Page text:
Although clones Bd2/5, Bd2/6, Bd2/7 and Bd2/8 hybridise to the same chromosomes in all of the species analysed, their distribution pattern is different both in terms of the number and chromosomal position of the signals (Figures 1 and 3). The order of the clones resembled that of B. distachyon in both the diploids and allopolyploids. However, in B. sylvaticum clones Bd2/7 and Bd2/8 map to the same chromosome arm, which is different to the one carrying sites for Bd2/5 and Bd2/6, while in B. pinnatum (2n = 18) Bd2/7 and Bd2/8 land in opposite arms (Figure 1B–1C). In the latter species, Bd2/7 maps together with Bd2/5 and Bd2/6. These results suggest that the genomes of diploids might be differentiated by a pericentric inversion that contains the sequence of Bd2/7. In the allopolyploid B. pinnatum, the smaller pair of chromosomes that is marked by clones Bd2/5-8 has the same pattern as the diploid cytotype of this species. The probes span the entire chromosome from one end to the other. In contrast, the same set of clones spread from the proximal region of one arm to the terminal region of the opposite arm of the larger pair (Figure 1D). In B. phoenicoides, both chromosome pairs have the same distribution of clones as in diploid B. pinnatum (Figure 1E).

Heterologous BAC-FISH showed that clones Bd2/9 and Bd2/10 map to the same chromosomes, which are different from those discriminated by the probes Bd2/5-8 (Figure 1). One or two pairs of chromosomes carrying the signals were observed in the diploid and allopolyploid species, respectively. In the diploids and in one of the two chromosome pairs of the allopolyploids, probe Bd2/9 hybridises to a proximal region, while the Bd2/10 site is located in an intercalary position in the same arm. In the second pair of chromosomes in B. phoenicoides and B. pinnatum (2n = 28) karyotypes, the position of both probes is shifted towards the end of the chromosome. In most cases Bd2/11 maps terminally to the chromosomes with Bd2/10. A remarkable exception is seen in B. sylvaticum, where the signal of Bd2/11 is in the terminal position on a different chromosome pair (Figure 1B).

The comparative bioinformatic sequence analyses delivered evidence that chromosome Bd2 arose through the centric fusion of the ancestral equivalents of rice chromosome 1 (Os1) and 5 (Os5) [9]. Clones Bd2/1-4 and Bd2/9-11 are positioned in two separate regions of Bd2, and occupy the distal part of the top and bottom arms (Figure 1) whichcorrespond to different parts of the Os1 equivalent (Figure 4). Additional in situ hybridisation performed using a combination of BACs selected from both regions shows that the sets of clones Bd2/1-4 and Bd2/9-11 map to the same chromosome, which is equivalent to Os1 in all of the species analysed (Figure 5A, 5C, 5E and 5G). BAC clones Bd2/5-8 assigned to the region of Bd2 equivalent to Os5 (Figure 4) in all analysed B. distachyon relatives map together to a different chromosome from the rest of the clones (Figures 1 and 3).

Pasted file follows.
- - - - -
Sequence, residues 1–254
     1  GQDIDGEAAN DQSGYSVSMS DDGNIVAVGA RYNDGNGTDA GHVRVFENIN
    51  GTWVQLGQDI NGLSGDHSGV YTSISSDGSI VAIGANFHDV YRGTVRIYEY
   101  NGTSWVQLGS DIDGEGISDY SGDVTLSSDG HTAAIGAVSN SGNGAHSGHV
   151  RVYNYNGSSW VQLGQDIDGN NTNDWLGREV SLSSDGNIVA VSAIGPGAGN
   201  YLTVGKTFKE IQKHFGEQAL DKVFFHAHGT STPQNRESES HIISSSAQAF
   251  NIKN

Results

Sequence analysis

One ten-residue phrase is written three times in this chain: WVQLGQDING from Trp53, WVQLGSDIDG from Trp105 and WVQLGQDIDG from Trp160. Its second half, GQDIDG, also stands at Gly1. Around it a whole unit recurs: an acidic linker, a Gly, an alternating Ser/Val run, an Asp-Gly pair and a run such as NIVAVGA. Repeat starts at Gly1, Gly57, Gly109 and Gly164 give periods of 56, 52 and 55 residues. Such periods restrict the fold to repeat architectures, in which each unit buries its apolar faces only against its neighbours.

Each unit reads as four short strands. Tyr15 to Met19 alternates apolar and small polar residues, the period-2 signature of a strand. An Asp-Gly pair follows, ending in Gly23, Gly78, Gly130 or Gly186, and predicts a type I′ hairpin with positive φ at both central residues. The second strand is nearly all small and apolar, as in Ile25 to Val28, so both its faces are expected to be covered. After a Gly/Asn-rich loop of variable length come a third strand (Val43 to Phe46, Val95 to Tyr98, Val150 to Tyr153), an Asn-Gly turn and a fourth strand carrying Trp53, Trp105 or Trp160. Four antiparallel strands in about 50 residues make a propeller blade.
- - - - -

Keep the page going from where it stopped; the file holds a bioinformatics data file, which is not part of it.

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Figure 4. Positions of clones used in reference to the regions of the chromosome Bd2 homeologous with rice chromosomes.

Coloured bars mark the chromosomal positions of specific BAC clones assigned to the chromosome Bd2. A cytogenetic map of B. distachyon chromosome Bd2 linked with the Bd2 assembly schematics showing the regions that correspond to different rice chromosomes (A) (adapted from [9]), Colour codes for the clones used in the study (B), Colour codes for rice chromosomes homologous to the chromosome Bd2 (C). Black diamonds identify the positions of the fusion points in the Bd2. Dashed lines mark the chromosomal breakpoints found in B. sylvaticum, B. pinnatum 2n = 18 and 2n = 28, and in B. phoenicoides. A dotted line marks the breakpoint specific for B. sylvaticum. The position of the clones on the diagram (A) reflects their localisation on the physical map [32].